Is Your PA Child Afraid of Peanuts?

Posted on: Sat, 06/02/2001 - 2:08pm
Anonymous's picture
Anonymous (not verified)

pTo me, this question was really raised in another thread and I'd like to see what the response is./p
pIs your PA child afraid of peanuts? Have you taught them to be afraid of peanuts?/p
pA little under a year ago, a member who doesn't post here that much anymore, if at all, MKRuby, told me about showing her PA children peanuts in the grocery store so that they would be able to recognize what one looked like. I was absolutely terrified to do this. But, I bucked up and when we go to the grocery store, I will show Jesse packages of peanuts (I do not feel comfortable with open bins). I do not do it often. But now, he knows what a peanut looks like./p
pJesse knows that he doesn't have to be afraid of peanuts because he knows we have a good system in place. However, I'm wondering if fear, at the age of 5, is simply a "normal" reaction. /p
pLast summer, when we were walking along the highway, his sister purposely stepped on a chocolate bar that I had asked her not /
I didn't know if it was a peanut chocolate bar or not but I didn't want the muck on her shoe. Well, as it turned out, it was chock full of peanuts. I was beside myself. I had her remove her shoe and I smeared most of the offending matter on some grass. Then, we went to the local donut shop and I washed it thoroughly and washed myself thoroughly. Jesse wasn't actually afraid but he was terribly angry with his sister asking her if she was trying to kill him (as if a 3 year old would understand really)./p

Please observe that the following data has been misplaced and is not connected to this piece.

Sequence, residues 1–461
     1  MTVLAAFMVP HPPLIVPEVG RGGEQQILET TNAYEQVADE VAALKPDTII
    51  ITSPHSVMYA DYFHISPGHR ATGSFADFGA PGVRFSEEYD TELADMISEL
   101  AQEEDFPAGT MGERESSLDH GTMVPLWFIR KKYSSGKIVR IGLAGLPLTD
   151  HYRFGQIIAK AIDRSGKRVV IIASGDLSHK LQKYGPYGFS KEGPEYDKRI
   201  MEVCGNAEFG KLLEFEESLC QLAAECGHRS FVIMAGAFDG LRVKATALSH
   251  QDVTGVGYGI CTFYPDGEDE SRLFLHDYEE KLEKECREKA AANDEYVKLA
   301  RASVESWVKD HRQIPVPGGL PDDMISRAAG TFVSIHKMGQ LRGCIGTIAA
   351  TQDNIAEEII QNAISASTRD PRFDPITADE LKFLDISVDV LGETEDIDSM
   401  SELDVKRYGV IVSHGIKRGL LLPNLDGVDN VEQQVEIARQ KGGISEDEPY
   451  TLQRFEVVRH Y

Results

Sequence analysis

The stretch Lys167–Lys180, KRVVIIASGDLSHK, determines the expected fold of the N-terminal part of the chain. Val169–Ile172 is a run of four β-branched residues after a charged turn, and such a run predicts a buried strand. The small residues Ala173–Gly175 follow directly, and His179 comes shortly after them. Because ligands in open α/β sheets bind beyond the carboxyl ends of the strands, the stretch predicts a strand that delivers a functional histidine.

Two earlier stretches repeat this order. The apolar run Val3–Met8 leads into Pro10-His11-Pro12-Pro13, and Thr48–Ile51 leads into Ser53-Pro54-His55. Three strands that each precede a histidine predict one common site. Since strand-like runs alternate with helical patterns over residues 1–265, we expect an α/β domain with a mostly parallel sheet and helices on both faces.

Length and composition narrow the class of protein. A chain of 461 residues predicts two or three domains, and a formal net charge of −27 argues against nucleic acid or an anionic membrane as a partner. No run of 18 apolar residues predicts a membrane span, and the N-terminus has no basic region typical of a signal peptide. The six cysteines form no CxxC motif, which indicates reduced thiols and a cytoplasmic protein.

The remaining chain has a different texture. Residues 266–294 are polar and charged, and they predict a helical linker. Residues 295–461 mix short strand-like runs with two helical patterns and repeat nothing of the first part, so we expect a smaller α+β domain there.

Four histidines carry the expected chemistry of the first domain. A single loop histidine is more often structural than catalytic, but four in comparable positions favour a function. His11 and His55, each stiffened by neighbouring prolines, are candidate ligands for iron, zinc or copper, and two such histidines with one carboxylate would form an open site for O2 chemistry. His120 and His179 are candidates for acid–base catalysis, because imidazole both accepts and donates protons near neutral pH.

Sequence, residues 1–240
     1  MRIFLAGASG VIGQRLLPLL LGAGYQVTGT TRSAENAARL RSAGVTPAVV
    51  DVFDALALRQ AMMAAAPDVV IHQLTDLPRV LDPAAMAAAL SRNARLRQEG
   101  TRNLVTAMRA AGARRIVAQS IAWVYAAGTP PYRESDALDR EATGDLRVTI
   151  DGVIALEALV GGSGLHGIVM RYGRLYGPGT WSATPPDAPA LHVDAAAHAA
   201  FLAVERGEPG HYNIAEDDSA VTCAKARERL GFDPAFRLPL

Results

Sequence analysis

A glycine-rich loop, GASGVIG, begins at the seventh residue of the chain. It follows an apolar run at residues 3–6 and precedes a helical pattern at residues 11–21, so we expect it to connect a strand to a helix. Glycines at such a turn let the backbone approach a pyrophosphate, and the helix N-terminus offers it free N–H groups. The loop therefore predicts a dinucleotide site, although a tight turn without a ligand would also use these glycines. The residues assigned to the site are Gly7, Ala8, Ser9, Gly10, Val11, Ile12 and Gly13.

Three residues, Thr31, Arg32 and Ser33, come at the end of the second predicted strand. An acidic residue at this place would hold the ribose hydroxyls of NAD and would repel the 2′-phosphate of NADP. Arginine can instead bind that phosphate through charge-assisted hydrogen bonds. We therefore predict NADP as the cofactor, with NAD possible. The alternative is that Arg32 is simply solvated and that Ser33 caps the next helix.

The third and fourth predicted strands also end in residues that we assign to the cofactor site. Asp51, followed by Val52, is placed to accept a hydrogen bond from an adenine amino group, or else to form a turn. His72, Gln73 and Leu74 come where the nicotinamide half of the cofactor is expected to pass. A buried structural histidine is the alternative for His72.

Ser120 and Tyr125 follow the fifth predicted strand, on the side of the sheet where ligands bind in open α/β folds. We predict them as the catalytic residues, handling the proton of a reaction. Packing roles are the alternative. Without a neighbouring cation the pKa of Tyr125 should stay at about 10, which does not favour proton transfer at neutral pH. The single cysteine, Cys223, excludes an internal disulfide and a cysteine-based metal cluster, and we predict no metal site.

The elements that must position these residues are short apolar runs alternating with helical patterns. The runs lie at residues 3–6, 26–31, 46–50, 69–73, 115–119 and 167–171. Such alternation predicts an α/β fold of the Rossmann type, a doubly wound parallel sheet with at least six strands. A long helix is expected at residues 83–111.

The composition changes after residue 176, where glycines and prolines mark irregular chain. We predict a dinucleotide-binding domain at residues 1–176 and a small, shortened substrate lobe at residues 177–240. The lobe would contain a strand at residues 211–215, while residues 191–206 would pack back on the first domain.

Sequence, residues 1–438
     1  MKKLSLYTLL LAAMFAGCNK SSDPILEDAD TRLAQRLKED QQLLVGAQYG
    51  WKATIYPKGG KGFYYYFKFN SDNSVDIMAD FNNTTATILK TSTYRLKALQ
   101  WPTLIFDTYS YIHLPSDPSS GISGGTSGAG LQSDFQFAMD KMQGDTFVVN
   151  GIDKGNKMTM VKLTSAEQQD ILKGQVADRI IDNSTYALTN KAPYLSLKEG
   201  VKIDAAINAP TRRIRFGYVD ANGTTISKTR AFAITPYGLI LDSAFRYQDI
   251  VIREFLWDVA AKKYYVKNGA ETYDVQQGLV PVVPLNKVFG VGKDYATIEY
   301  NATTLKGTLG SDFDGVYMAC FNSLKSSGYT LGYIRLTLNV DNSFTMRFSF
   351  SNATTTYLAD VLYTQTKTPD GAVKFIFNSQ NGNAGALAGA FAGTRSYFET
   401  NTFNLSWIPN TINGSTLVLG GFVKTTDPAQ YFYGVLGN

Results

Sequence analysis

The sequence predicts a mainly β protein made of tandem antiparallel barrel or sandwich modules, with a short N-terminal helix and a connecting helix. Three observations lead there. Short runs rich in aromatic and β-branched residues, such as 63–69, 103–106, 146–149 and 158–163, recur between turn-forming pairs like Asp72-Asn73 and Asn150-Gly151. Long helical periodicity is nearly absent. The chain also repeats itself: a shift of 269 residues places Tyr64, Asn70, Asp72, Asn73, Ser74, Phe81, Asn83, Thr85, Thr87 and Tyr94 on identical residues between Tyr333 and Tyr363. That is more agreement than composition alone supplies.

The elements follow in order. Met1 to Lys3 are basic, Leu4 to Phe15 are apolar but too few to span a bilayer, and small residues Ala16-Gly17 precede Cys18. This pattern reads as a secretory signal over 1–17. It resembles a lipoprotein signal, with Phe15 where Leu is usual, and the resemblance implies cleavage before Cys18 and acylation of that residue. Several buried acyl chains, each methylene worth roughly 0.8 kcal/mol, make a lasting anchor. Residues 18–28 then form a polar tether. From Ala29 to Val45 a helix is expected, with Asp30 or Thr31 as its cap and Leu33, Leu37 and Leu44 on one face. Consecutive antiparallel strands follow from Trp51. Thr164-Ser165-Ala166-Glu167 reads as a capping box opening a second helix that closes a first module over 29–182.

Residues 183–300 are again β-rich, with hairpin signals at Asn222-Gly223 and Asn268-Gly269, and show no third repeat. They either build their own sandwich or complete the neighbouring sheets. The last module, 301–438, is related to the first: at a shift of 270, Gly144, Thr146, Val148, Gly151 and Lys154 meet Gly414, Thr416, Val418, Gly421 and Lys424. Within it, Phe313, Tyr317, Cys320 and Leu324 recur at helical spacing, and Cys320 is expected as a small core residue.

pJust about a month ago, I posted about a trip to the doctor's office. There was a plain MM on the floor. Jesse went up close to it without picking it up and said, No, it's not a Smartie, it's an MM. As soon as he realized that, he backed far away from the MM and asked his sister to kick it as far away as possible so that it was not even within his sight./p
pI don't know where he got this from. Perhaps it is because he knows what could possibly happen to him./p
pI'm not asking how I should further handle this as I have assured Jesse time and time again that he is "safe". We have everything in place to ensure his safety as best as we can./p
pWhat I'm wondering is if anyone else has a PA child that is afraid of peanuts. Did you teach them to be afraid or did they develop this fear on their own?/p
pBest wishes! [img][/img]/p

Posted on: Sat, 06/02/2001 - 3:31pm
Triciasmom's picture
Joined: 08/03/2000 - 09:00